Senate Majority Leader Mitch McConnell, R-Ky., joined at left by Sen. John Barrasso, R-Wyo., speaks to reporters about the political battle for confirmation of President Donald Trump's Supreme Court nominee, Brett Kavanaugh, following a closed-door G...
Senate Majority Leader Mitch McConnell, R-Ky., joined at left by Sen. John Barrasso, R-Wyo., speaks to reporters about the political battle for confirmation of President Donald Trump's Supreme Court nominee, Brett Kavanaugh, following a closed-door G...

CAPITOL HILL - Days ahead of a potential final vote on President Donald Trump’s Supreme Court nominee, Brett Kavanaugh, Senate Republicans and Democrats sparred Tuesday over an ongoing FBI investigation of allegations of sexual misconduct leveled against Kavanaugh.

The weeklong probe is expected to be completed by Friday, and Majority Leader Mitch McConnell said the confirmation vote will occur once senators of both parties have a chance to review the FBI’s conclusions.
 
“What I can tell you with certainty is that we’ll have an FBI report this week and we’ll have a vote this week,” McConnell told reporters.

Democrats, meanwhile, demanded that the White House divulge its instructions to the FBI in ordering the investigation, that the FBI’s report be made public, and that the bureau’s lead investigators brief senators about their their findings.

Senate Minority Leader Chuck Schumer, D-N.Y., with
Senate Minority Leader Chuck Schumer, D-N.Y., with Sen. Cory Booker, D-N.J., at right, pauses as they speak to reporters about the political battle for confirmation of President Donald Trump's Supreme Court nominee, Brett Kavanaugh, following a closed-door Democratic policy meeting, at the Capitol in Washington, Oct. 2, 2018.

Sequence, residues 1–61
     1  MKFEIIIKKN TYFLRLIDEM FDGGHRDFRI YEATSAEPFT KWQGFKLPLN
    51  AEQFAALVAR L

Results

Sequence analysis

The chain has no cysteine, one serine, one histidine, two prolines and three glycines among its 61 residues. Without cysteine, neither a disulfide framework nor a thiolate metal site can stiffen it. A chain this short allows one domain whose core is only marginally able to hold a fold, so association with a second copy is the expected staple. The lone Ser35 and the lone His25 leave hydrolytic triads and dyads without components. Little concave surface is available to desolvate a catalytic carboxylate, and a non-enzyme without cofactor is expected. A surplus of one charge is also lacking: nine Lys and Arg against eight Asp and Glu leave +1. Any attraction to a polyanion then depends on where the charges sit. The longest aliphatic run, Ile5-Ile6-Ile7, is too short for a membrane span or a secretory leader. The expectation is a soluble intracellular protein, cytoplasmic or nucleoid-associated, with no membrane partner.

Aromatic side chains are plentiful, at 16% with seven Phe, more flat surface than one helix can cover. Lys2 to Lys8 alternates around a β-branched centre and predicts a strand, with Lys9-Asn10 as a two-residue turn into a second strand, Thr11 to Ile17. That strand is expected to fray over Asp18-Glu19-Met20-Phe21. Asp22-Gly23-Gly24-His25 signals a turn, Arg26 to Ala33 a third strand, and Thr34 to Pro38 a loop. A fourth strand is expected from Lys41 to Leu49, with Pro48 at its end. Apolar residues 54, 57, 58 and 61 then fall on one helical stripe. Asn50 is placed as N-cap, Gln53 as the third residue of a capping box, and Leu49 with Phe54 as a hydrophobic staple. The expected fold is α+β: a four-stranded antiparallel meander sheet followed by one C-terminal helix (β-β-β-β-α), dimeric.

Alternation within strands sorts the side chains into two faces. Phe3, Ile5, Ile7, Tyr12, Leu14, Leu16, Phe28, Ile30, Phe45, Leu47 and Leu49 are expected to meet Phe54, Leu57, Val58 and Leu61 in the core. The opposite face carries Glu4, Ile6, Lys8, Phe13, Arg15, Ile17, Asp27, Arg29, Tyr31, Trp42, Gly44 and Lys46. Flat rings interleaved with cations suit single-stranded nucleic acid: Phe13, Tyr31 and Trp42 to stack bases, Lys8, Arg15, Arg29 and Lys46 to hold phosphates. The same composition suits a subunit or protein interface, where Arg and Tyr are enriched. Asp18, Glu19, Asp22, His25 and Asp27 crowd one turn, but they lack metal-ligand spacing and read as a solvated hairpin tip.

“We need to be briefed by the FBI, by the agent in charge,” Minority Leader Chuck Schumer, a New York Democrat, said. “The FBI must not be handcuffed, and their results should be made public.”

The FBI investigation was launched Friday  one day after Christine Blasey Ford told the Senate Judiciary Committee that Kavanaugh assaulted her at a high school party. Kavanaugh angrily denied the charges hours later, accused Democrats of orchestrating a “political hit” against him, and asserted that he never drank so heavily that he was incapacitated or couldn’t remember his actions.

In the days since, one of the nominee’s former classmates at Yale University issued a statement alleging that, as a student, Kavanaugh was "a frequent drinker and a heavy drinker" who often became "belligerent and aggressive" during his binges.  
 
On Monday, President Donald Trump told reporters the FBI had the authority to interview anyone it desired, pushing back against charges by Senate Democrats that the White House is limiting the scope of the investigation.
 
At the Capitol, Schumer said questions surrounding Kavanaugh extend beyond sexual assault and now encompass his truthfulness and judicial temperament.
 
“It’s hard to believe what Judge Kavanaugh swore under oath,” Schumer said. “He sure didn’t show the demeanor of a judge at the hearing."

President Donald Trump's Supreme Court nominee, Br
President Donald Trump's Supreme Court nominee, Brett Kavanaugh, takes notes as the Senate Judiciary Committee members make opening statements during his confirmation hearing, on Capitol Hill in Washington, Sept. 4, 2018.

Republicans accused Democrats of attempting to destroy the nominee’s reputation for political gain.
 
“[Democrats] will not be satisfied unless they have brought down Judge Kavanaugh’s nomination,” McConnell said. “The floodgates of mud and muck opened entirely on Brett Kavanaugh and his family.”
 
“It’s not fair to Judge Kavanaugh to string this matter along further,” Majority Whip John Cornyn of Texas said. “This has become a national embarrassment."
 
Democrats countered that brief delays in voting on Kavanaugh pale in comparison to Republicans refusing to consider former President Barack Obama’s final Supreme Court nominee, Merrick Garland, for most of 2016.
 
Republicans hold a 51-49 Senate majority heading into next month’s midterm elections that will determine which political party controls both houses of Congress.
 
So far, no Democrat has announced support for Kavanaugh and no Republican has declared opposition to him.

Richard Green and Kenneth Schwartz contributed to this report.